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The ABD Badge of Honor

Courtesy of IncrediBill, who wanted me to marvel at how some underemployed graduate school drop out had admired Bill’s work on bot-blocking, I found this quote about people who completed all of the requirements of the Ph.D. (including passing the qualifiers and completing all coursework) but did not complete a dissertation / pass a dissertation defense. A venture capital guy was commenting on how much he likes “ABD people (all-but-dissertation)”:

“They clearly have intellectual curiosity, technical competency, and an ability to focus, which makes them useful in startups. But they also have enough economic sense to ignore sunk costs and exit something before its net present value goes negative. They’re entrepreneurs!”

Well said! That bit about the sunk cost effect syndrome is ne’er recognized and extremely relevant. I believe it is lacking in the business world, but then given the way we as a society seem to reward political maneuvers and ignore factual reality whenever it is “sub optimal” for our own egos, I am not surprised.

While someone in the comments of that post suggested that merely being in grad school and dropping out defined “ABD – all but degree” that is not the case at all. There is a big difference between completing your quals and course requirements and dropping out as ABD vs. simply having matriculated and dropped out. Let’s not get greedy, ok?

I would add a few additional character traits to the ABD as entrepreneur. Of course I refer to those who went all the way and for what had to have been a very good reason, quit the challenge before completing the dissertation defense:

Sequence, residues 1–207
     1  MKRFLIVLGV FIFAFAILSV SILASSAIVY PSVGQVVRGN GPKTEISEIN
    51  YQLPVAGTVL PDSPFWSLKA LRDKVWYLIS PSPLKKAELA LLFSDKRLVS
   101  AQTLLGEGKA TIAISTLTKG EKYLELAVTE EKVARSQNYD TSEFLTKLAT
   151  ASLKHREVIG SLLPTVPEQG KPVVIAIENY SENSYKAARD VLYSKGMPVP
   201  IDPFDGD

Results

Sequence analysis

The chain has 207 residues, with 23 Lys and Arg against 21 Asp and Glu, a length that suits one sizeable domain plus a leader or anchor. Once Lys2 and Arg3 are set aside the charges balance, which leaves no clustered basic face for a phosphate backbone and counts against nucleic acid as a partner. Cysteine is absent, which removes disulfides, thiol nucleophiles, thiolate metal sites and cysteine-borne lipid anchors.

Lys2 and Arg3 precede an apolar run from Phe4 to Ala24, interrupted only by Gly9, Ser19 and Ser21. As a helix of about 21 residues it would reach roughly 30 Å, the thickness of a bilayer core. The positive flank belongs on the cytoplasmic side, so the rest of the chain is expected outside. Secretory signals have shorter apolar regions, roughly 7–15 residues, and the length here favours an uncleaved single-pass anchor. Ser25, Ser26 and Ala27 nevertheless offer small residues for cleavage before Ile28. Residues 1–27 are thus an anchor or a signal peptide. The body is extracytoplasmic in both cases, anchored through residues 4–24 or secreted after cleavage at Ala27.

• The ABD may know when he’s being taken for a ride, and have the independent skills to not only recognize that but do something about it…against all odds.
  • The ABD may not have infinite tolerance for a legendary respect-driven hierarchy that matters little in a rapidly-advancing technological world. Interpret that to mean the ABD may not have the political skills needed to successfully navigate the opposite of a meritocracy.
  • The ABD won’t do “whatever it takes” to get what he wants. Even at the very end, with 110% invested, if the price is too high, the ABD would rather walk than go against his ideals. The Mafia doesn’t like ABD’s much because, well, when it comes time to “shut up and do the job” they might not go along.

Given all the malarchy I heard from profs and administrators back then about how one had to “stick it out” and “pay the price” etc., it’s nice to see some real-world rational thought. Good products sell themselves and don’t need all that rationalization to justify their costs.

If you have a Ph.D. congratulations but beyond that, I’m performance driven thank-you-very-much.

One Comment

  1. IncrediBILL wrote:

    I’m thinking you were a reporter in a previous career with the spin you put on what I said as I didn’t ask you to marvel at anything. I said to you specifically “I didn’t expect to be held up as an example of the guy trying to stop Web 3.0”.

    Yup, a lot to marvel in that statement ;)

    Editor’s Note: Thanks for the on-topic comments, Bill. I know, it’s tough to be you.

    Monday, November 13, 2006 at 1:31 pm | Permalink